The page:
22. His Desperate Longing to Be Good

Soundtrack: Eurythmics, Missionary Man

Through all of this, there’s Lucia herself, hopeful, innocent. The first time Inglorion sees her after his conversation with Lucius, he knows that, yes, of course, she sees him as a suitor. She’s modest and pious, so there’s no flirtation in her manner, but she does everything in her power to showcase her homemaking skills: her care of her younger siblings, her diligent maintenance of the family linens and clothing, her cooking, the simple accounts that she keeps. He failed to see it before because his interest lay elsewhere — with Artemisia’s charms — but also because the idea of such a wife is entirely alien to him.

He tries to draw back from their intimacy, but it’s impossible when they’re under the same roof. They’re seated together for every meal. He has to study and she has to sew, and they must share a candle to do it. He can’t escape her company without being persistently rude. Though he knows it would be wrong to engage himself to Lucia, he’s reluctant to snub or ignore her.

As the month passes, Lucia begins to drop small hints. Her mother and sister often leave them unchaperoned, offering Inglorion an opportunity to plead his case. On one such evening, he finds himself in the sitting room, studying by the light of a single candle, while Lucia is engaged with a portion of her endless darning. He’s struggling to concentrate on Thuycidides. The translation must be very bad, he thinks, because his account of the Peloponnesian War is wooden, senseless. 

“You’ve torn the hem of your cloak,” she says. “Hand it over so that I can mend it.”

“Oh, no, Lucia. You don’t have to do that. I’ll take care of it.”

She smiles, shakes her head. “You’ll botch it, you know you will. I wager you’ve never set a stitch in your life.”

“Well, no. Sieia always did that for me. I suppose I’ll have to learn, or descend into squalor.” He says this without thinking, tries to reapply himself to the book before him.

“I’m happy to do it, you know.”

“I wouldn’t put you to the trouble. You have a pile of mending already.”

“Chloe’s petticoats can wait, or she can do it herself. She puts it off from day to day, hoping I’ll find the time. She doesn’t mind looking like a shag-rag.”

Still looking at his book, he says, “I hope I’m more generous than Chloe. I’ll look like a shag-rag, or learn to mend my clothes, but I won’t add my cloak to your pile.”

“Come on, I really don’t mind. I’d rather do your cloak.”

It’s draped across the back of Inglorion’s chair, and she starts to pull it from behind him. He snatches it back, and for a moment there’s an absurd tug-of-war, then Inglorion says firmly, “Lucia, no. I mean it. I won’t have you mending my clothes. It’s not fair to you.”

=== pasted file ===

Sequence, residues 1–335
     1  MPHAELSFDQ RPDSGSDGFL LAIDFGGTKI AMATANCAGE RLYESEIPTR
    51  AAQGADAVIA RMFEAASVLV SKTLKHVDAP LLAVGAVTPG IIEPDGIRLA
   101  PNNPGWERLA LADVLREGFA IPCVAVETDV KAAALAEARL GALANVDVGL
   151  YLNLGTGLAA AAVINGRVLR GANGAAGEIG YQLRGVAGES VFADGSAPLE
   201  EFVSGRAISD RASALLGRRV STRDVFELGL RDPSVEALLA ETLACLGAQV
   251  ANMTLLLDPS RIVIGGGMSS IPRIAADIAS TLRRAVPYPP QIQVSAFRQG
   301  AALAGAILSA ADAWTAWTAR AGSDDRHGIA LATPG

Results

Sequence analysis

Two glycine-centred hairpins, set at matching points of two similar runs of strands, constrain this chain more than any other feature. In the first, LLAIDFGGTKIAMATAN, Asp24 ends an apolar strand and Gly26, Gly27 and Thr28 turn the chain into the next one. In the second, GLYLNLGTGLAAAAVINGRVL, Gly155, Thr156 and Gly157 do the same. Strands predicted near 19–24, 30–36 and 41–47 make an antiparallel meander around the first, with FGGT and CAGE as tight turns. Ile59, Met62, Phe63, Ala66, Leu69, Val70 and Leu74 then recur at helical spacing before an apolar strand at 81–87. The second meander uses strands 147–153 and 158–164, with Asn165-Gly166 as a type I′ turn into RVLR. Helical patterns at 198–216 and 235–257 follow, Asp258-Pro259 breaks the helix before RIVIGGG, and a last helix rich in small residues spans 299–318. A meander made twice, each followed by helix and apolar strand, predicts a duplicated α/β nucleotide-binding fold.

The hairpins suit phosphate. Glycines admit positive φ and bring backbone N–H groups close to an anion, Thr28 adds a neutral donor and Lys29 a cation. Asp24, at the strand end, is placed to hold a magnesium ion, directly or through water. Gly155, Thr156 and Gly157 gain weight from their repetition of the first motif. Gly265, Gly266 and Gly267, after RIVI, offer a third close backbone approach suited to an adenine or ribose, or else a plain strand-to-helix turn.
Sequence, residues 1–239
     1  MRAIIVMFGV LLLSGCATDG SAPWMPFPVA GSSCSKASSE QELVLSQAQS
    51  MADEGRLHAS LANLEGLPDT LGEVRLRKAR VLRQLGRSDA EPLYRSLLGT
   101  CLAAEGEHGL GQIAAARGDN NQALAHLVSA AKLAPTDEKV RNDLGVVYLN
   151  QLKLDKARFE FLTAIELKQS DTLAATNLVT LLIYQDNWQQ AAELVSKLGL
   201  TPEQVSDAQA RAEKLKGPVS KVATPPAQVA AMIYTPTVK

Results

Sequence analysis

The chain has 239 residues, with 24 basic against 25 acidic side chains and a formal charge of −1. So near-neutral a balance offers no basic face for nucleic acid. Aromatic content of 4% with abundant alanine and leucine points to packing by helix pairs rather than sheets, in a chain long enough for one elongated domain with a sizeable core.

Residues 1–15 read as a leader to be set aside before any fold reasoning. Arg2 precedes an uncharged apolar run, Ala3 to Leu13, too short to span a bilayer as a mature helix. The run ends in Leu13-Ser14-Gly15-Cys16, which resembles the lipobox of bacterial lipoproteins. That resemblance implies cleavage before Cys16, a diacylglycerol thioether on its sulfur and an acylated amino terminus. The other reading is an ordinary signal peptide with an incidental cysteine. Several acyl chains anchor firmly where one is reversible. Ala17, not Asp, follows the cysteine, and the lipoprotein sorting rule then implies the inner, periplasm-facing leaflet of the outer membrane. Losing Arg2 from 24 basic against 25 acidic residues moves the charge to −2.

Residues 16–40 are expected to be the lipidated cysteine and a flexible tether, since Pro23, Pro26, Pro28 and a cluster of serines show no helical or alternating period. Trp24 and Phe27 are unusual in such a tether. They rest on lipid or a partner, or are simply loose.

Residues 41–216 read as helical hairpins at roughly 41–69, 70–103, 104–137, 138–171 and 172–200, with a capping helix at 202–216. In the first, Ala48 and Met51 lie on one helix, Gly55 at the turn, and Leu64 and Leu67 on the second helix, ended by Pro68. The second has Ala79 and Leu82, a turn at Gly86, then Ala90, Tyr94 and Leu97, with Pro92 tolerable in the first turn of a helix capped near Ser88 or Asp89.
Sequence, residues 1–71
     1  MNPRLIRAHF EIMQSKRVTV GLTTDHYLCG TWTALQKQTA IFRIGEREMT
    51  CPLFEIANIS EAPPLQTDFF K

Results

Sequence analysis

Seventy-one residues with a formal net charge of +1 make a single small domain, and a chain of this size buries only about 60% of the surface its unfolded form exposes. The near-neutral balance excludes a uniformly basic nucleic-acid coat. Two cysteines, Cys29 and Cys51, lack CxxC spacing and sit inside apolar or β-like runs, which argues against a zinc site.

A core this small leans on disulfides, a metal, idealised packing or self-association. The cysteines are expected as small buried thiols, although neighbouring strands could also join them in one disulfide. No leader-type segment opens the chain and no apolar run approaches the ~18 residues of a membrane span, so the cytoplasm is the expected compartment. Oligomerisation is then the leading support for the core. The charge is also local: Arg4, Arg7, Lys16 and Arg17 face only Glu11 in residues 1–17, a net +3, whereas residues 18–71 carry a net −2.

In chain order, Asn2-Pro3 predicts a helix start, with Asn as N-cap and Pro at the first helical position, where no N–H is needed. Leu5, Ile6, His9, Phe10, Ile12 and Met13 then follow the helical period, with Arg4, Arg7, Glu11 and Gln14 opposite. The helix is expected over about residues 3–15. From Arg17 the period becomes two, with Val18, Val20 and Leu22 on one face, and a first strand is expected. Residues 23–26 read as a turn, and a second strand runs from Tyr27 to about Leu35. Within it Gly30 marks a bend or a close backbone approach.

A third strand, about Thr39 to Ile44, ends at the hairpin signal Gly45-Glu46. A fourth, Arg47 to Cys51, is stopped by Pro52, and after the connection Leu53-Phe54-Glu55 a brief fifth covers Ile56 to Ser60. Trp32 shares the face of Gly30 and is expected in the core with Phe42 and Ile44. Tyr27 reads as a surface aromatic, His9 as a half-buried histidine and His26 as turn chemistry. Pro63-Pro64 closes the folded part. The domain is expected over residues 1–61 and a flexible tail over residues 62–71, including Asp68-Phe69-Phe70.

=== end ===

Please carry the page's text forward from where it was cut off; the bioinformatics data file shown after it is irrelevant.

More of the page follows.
She drops her end of the cloak, sits down. “I won’t if you truly don’t want me to. But I thought —” she breaks off, disconsolate, genuinely close to tears.

“I’m sorry, Lucia,” he says quietly. He’s been avoiding this conversation, and suddenly he realizes how cruel that is. She can’t raise the topic. All she can do is wait and hope, and have her parents maneuver him into position. The greatest prize she can imagine is a future spent darning Inglorion’s clothes, keeping a modest house for him, and bearing little silver-eyed quarter-Drow children. 

He moves his chair closer to hers, takes her hand. “Lucia, you’re so good, so kind. You’ve made me feel at home here, been kind to me when I missed Sieia.” She brightens, looks up at him eagerly. “But I don’t think of marriage. Your father raised the question, and I tried to explain it to him.”

“You talked to my father?”

“He asked what my intentions were. He was looking out for you, as he should. I’ll try to explain it now, to you. I don’t know what your father has told you about my birth and breeding.”

“He said you’re the natural son of a very wealthy and famous man in Liamelia, a general and field marshal.”

“Yes, Tereus Shelawn. He never recognized me. I have no inheritance; I didn’t receive an education; he took no responsibility for my upbringing. I was raised on his property, as a servant, by other servants.”

She nods thoughtfully. “So you have to make your own way in the world, and you’re doing that.”

“Yes.” He presses on with his list of objections. “You must know — it’s obvious, though we’ve never spoken of it — that my mother was Drow.”

She nods. “Father told us that you were half-Drow, before you came to live with us. Mother was concerned, but he said that you were sworn to Corellon Larithian, and that what matters is what’s in your heart — there’s no such thing as a cursed race.”